Y’all have probably heard me talk at length about Gong Fu Cha style tea brewing.
Maybe you’re a seasoned pro, or maybe you’re wondering: what is Gong Fu Cha??
Here is a quick guide to answer some of the basic questions.
1. What is Gong Fu Cha?
Gong Fu Cha is a traditional Chinese method of preparing tea.
功夫 = “Gong Fu” is a very Chinese concept that can roughly be translated as “skill acquired through mindful practice”
茶 = Cha = Tea (straightforward enough)
So you could say that Gong Fu Cha translates to “tea prepared with skill acquired through mindful practice”.
In short, the goal is to create the best cup of tea possible by adjusting each component:
- Quantity and quality of tea used
- Quantity and quality of water used
- Temperature of water
- Length of time the tea is steeped
- Type of teaware - different mineral compositions will affect taste
- How the water is poured on the tea, and how the tea is poured from the pot
2. What are the benefits of Gong Fu Cha?
- Gong Fu brewing showcases a much larger spectrum of flavors than Western style brewing.
- The real essence of Gong Fu brewing is to be present with the tea through smell, taste, touch, sight, and hearing. It can be viewed as a meditation and artform.
- Gong Fu brewing is fun and interactive. Tea sessions can be short or last for hours. They are best shared amongst groups of friends and family.
3. What do I need for Gong Fu brewing?
The basic items to start are:
- Teapot or gaiwan (a lidded cup) - this is the vessel used to brew tea (they’re usually quite small with ~70-250 ml capacity)
- Gong Dao Bei - meaning “justice cup”, brewed tea is poured into a small pitcher before serving to consolidate the steeped tea and ensure an even concentration. (You can always just use a glass cup for this)
- Cups - small cups, holding three sips, help to taste and smell the tea
For a more advanced setup, you may like to additionally use:
- A cha pan (draining tea tray) - allows for easy pouring and no mess
- A strainer - stops whole tea leaves from entering your cup
- Tea pets - a fun clay figurine you can “feed” with excess water and tea
- Smelling cups - long, cylindrical cups used to smell and accentuate tea fragrance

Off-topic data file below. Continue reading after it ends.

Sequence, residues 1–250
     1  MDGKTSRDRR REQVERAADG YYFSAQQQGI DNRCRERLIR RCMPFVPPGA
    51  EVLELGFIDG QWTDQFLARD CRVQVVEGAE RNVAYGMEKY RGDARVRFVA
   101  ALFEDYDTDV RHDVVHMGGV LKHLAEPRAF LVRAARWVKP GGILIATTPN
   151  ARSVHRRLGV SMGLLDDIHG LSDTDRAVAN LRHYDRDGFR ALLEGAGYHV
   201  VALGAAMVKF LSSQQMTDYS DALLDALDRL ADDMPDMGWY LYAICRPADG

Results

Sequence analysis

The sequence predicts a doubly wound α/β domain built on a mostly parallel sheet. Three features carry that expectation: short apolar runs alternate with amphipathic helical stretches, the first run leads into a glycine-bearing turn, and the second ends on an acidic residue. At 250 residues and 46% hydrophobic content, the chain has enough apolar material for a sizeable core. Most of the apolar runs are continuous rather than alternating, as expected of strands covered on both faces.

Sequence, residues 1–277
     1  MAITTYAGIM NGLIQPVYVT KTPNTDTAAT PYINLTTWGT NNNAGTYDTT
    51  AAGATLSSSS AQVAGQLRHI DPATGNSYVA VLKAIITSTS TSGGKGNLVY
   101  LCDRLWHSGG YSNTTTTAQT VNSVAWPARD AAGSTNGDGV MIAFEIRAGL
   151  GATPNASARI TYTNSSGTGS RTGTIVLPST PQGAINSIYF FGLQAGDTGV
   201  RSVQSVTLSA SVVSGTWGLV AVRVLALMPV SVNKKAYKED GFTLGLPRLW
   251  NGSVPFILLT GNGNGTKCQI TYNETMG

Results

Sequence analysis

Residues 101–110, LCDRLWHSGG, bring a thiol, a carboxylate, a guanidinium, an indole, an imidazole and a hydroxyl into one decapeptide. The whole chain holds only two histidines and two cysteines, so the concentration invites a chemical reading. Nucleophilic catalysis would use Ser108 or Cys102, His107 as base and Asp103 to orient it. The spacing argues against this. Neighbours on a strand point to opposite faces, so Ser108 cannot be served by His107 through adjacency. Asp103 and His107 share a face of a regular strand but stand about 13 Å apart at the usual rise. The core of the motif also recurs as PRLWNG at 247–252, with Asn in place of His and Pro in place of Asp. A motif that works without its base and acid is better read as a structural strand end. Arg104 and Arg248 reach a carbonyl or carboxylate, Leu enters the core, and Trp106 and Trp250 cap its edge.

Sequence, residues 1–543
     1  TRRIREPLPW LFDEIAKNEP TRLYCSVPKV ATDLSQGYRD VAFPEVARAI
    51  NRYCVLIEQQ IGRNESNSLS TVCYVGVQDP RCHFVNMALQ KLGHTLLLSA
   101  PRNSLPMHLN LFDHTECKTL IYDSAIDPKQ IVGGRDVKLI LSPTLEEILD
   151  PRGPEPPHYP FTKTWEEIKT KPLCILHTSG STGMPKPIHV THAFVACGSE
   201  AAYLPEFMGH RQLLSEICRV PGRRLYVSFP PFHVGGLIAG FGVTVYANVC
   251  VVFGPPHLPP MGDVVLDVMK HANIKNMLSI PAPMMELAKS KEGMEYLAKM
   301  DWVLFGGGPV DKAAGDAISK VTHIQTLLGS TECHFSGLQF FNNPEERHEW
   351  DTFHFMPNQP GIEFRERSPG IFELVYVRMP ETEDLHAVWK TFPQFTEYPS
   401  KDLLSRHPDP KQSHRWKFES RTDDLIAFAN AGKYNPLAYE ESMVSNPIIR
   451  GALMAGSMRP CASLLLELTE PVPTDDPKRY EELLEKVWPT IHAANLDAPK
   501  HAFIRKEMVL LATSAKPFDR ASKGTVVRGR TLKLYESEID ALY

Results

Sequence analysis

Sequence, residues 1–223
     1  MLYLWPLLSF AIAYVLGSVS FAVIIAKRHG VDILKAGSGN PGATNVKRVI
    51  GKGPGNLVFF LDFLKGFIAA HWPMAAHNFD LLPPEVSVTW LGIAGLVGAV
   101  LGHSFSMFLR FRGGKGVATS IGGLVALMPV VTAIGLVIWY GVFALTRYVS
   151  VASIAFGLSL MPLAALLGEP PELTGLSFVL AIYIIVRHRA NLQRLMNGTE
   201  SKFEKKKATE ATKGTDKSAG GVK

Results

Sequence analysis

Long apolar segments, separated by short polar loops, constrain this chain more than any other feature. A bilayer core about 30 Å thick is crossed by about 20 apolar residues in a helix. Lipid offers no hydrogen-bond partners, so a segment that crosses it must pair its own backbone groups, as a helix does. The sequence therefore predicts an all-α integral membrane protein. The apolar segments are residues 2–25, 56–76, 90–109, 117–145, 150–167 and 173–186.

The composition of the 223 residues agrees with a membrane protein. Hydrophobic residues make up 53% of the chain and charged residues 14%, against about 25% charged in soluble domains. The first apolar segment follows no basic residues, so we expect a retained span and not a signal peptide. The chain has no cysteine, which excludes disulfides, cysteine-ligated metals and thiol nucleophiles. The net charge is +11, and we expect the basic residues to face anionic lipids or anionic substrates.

- Tea knife/pick - used to break up Pu'er cakes
- Tea towel - to easily wipe up any water
- Tea utensils - used to handle and serve hot cups
4. What about the amount of tea, steeping times, and water temps?
The art and skill of gong fu brewing is to intuitively learn to adjust these variables based on each individual type of tea you brew. But this chart serves as a good starting point:
|1st infusion (seconds)||Additional infusion (seconds)||Avg. # of infusions|
|Oolong (strip)||95°C (203°F)||6||20||5||8|
|Oolong (ball rolled)||95°C (203°F)||8||20||5||8|
|Pu'er (raw)||95°C (203°F)||5||10||5||15|
|Pu'er (ripe)||99°C (210°F)||5||10||5||20|
5. I’m ready for a gong fu tea session, how do I start?
- Get your tea, hot water, teapot or gaiwan, gong dao bei, and tea cups to start.
- Boil your water. I like to bring my water to a full boil before using it, even when making teas at lower-than-boiling temperature. The Chinese call boiled water “Kai Shui” 开水, meaning “open water”.
- Wake up the tea wares. Pour hot water into your teapot (or gaiwan) to rinse it out. Never use soap in your teapot. Do the same with the gong dao bei, cups, and any other vessels. This will “wake up” the wares by heating them up.
- Put loose leaf tea into your teapot. Refer to the chart above for amounts of tea.
- Rinse the tea (optional). Pour the correct water temperature into the teapot - refer to the chart above. Allow to steep for a few seconds and pour the infusion out. This helps to get the tea saturated with water, allowing it to steep evenly. This also helps to “open up” some tightly rolled teas.
- Pour hot water onto tea leaves for the first brew. Refer to the chart above for brewing time.
- Pour first steeping into the Gong Dao Bei. The Gong Dao Bei, of Justice Cup, ensures everyone gets tea brewed for the same amount of time.
- Serve tea into cups. Use the Gong Dao Bei to serve tea to yourself and your guests.
- Repeat steps 5-7. Depending on the tea you can get up to 20 infusions. Most teas will peak around the 3-6th steeping, after which you will want to lengthen the steeping time.
If you’d like to learn more, we offer a variety of classes:
If you’re ready to start brewing gong fu style, check out our tea sets below: